That sensational drive on Arctic Rally Finland feels like a very long time ago doesn’t it? Oliver Solberg could walk on water after that debut World Rally Car performance, but the ice is breaking and he’s begun to fall through the cracks ever since.
It hasn’t all been Solberg’s fault. There have been some driving errors – a premature ending on last year’s Safari and a big crash in Finland followed by another accident in Greece the chief culprits.
But the 20-year-old has had plenty of misfortune too. Remember that cruel final day retirement due to electrical problems on the Hyundai i20 N Rally2’s debut in Ypres? Or the overheated engine in Estonia? And of course the exhaust fumes that left him and co-driver Elliott Edmondson as sick as dogs on this year’s Monte.
Even the fiery exit to Rally Croatia was a very high price to pay for the mistake at hand.
But what happened to Solberg last weekend really took the biscuit – winning at Höljes against the likes of four-time world champion Johan Kristoffersson on arguably the biggest rallycross weekend of the year (the Magic Weekend) before having that stripped from him due to a technical infringement.
Solberg simply didn’t deserve it. He cannot buy a break at the moment, even if they were for sale.
The Solberg family of course has storied history in rallycross. It’s actually where Oliver achieved his first big success behind the wheel – winning the 2018 RallyX Nordic title – and Petter won the very first World Rallycross Championship in 2014 and doubled up a year later.
But, having not driven a rallycross Supercar since taking third place at the All-Star Magic Weekend in 2020 and never driving the Hedström Motorsport Hyundai i20 in competition before, it was some task for Oliver to jump back into rallycross and be competitive.
Yet it was his name that stood proudly at the top of the timesheets after Q1, and stayed there to lead the intermediate standings overnight on Saturday.
Solberg was eventually usurped by European Rallycross Championship leader Anton Marklund to top qualifying, but he remained second and duly swept his semifinal to line up at the front of the final – where he did a fantastic job to compete, let alone win.
“Just before the final something happened with the steering,” Solberg explained.
“When I went into service everything was fine and when I went out of service I turned the steering left and the car went to the right.
“Something happened with the steering rack unfortunately and I thought that was game over, but in the final I thought ‘it is what it is, we do our best’ and somehow I drove with it and it worked OK.”
The emotion at the end was as infectious as it was obvious. Just like Petter had jumped into Pernilla’s arms when he won the 2003 World Rally Championship title, Oliver leapt onto his dad Petter and there wasn’t a dry eye in the house.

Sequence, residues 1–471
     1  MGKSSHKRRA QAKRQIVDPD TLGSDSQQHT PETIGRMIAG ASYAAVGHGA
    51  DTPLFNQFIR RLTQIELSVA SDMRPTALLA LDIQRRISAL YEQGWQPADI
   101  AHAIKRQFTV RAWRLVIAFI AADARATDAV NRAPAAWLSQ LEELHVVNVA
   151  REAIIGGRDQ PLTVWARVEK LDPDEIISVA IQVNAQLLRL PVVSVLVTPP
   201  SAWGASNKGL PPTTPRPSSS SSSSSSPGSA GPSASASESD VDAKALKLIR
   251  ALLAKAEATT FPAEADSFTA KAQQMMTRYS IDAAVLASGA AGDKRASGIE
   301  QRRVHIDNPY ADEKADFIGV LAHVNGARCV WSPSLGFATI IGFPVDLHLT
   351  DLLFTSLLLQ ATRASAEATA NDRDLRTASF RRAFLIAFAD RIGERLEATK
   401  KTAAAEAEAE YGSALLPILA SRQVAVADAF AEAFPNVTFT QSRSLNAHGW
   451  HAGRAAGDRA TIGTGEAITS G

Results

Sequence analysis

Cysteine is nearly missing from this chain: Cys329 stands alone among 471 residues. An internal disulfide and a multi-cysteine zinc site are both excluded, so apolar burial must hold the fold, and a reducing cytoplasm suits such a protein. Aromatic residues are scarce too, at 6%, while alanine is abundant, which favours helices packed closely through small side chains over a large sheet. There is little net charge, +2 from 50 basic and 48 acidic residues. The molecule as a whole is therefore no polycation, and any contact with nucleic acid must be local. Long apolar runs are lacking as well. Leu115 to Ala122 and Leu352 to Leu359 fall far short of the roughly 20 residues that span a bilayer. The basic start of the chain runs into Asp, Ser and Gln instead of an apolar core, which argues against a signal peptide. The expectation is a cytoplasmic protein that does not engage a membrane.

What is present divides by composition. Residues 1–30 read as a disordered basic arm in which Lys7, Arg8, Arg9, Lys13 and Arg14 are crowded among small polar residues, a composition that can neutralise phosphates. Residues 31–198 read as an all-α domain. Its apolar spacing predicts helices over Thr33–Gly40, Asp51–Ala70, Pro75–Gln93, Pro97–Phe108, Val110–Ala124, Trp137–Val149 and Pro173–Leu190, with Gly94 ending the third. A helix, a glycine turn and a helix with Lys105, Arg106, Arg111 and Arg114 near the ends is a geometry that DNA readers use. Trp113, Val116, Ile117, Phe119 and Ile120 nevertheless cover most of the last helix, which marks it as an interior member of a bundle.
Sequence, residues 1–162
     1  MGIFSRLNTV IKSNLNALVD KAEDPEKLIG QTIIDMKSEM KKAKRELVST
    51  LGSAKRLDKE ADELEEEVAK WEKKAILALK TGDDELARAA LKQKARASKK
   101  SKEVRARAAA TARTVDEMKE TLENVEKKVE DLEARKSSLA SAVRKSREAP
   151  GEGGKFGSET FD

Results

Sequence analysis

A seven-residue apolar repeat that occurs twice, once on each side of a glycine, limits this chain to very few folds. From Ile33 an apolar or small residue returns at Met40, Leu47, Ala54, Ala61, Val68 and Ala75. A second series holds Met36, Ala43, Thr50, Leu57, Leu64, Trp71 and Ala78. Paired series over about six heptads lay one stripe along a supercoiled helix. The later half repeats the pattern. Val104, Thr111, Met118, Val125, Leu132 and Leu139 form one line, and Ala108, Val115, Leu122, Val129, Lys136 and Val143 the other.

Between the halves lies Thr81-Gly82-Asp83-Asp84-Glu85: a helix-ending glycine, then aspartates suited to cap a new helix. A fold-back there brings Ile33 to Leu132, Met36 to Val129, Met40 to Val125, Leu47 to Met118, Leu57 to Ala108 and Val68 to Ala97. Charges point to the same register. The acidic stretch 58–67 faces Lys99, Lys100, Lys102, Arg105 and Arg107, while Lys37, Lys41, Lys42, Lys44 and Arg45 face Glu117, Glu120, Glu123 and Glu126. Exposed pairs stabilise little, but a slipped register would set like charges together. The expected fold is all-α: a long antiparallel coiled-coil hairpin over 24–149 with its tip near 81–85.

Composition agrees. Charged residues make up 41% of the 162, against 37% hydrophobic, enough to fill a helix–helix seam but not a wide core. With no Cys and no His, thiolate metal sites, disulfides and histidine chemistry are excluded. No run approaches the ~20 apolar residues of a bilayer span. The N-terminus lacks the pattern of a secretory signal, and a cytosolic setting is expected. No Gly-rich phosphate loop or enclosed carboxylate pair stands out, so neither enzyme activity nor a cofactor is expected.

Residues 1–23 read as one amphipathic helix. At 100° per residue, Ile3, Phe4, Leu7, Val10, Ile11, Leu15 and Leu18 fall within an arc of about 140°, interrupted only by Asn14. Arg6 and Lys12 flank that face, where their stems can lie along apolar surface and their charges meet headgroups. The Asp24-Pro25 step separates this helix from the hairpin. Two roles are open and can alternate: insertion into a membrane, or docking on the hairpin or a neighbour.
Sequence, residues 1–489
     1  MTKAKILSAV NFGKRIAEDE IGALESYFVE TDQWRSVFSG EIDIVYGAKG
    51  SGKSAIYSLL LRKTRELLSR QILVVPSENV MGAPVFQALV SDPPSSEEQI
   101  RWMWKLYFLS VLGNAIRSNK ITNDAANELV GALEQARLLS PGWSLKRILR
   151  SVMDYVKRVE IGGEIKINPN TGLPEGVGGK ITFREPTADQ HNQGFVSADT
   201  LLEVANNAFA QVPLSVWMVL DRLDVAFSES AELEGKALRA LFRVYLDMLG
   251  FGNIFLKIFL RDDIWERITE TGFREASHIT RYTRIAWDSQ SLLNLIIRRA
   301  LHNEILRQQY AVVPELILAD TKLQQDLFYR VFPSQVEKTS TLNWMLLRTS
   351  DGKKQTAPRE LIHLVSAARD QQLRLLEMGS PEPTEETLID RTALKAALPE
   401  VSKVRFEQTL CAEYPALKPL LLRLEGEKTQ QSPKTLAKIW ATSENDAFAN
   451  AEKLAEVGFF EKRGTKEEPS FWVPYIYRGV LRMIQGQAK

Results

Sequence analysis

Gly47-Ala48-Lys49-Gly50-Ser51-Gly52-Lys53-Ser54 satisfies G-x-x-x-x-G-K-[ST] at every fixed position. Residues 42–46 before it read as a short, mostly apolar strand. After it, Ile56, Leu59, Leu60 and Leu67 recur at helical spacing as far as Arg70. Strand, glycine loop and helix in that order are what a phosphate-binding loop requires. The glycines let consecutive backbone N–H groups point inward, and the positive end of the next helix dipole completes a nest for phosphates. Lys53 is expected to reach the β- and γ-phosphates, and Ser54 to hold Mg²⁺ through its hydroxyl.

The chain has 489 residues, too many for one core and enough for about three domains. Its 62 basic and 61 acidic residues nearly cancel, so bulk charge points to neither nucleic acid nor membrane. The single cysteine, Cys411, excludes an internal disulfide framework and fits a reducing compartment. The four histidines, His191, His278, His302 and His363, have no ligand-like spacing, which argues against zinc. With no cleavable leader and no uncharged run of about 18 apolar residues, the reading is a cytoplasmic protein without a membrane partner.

Oliver hadn’t won anything since Rally di Alba last year, but that was a massive testing session where he was essentially handed the win by team-mate Ott Tänak. Before that, you have to go back to Rally Estonia for Solberg’s last category win when he topped the WRC2 class.
So for him to win at Höljes – a track Petter never managed to conquer at the top level – and beat so many good drivers (yes Kristoffersson had a puncture and Andreas Bakkerud had a suspension problem, but Solberg was ahead of him) was an immense confidence-booster and a very timely reminder of Solberg’s raw talent.
“It’s the biggest relief of my life, for a very, very long time,” he said.
“It means very, very much. I was in tears, I’ve never cried before like that, all of a sudden the feeling came. I think it’s been building a lot inside and to finally release it… it was a very big relief.
“It’s just fantastic to do this with me and my father and my mother as well.”
The disqualification was, by the letter of the law, totally just. But it was a totally unjust reward for a driver who had given it his all to achieve a huge result – particularly when the underbody was overweight – not underweight – so if anything Solberg was disadvantaged by the infringement.
All that can be hoped is that this latest twist doesn’t add to the building narrative. There have been plenty that have begun to question Solberg’s abilities. After all, his recent run of WRC form hasn’t exactly lived up to some of the hype.
But the context absolutely has to be remembered – and considered. Hyundai, with all of the internal uncertainty at the moment, is currently the worst place for any younger driver to find themselves. Solberg doesn’t have the best tool to show the world the very best of himself, and doesn’t have the relaxed atmosphere to soothe his growth either.
With the pressure off and the expectation lowered, Solberg flourished in Euro RX. The difference that change in circumstance made was obvious.
“I’ve always loved rallycross but WRC is what’s closest to my heart, but it’s been a very tough time, and a long way up, but we are still fighting,” said Solberg.
“I think it was important for me this weekend to just do something else and just enjoy at home with family and have some fun in the car, and I had a big smile on my face all weekend driving the car.
“It was a fantastic feeling and now hopefully we can keep this going and bring this confidence into the WRC as well. I feel very good so hopefully everything around now can work very well.”
Solberg described his disqualification as “heartbreak” and it’s hard to think of a better word for it. But he’s vowed to put all of his energy into capturing the positives from the weekend rather than letting the result get him down. At least Rally Estonia is up next – a happy hunting ground for Solberg in the past.
But regardless of what’s happened of late, let Solberg’s one-off rallycross return be the proof of his true capabilities. With all things level, he can absolutely perform. Give him time in the WRC, and he should do the same.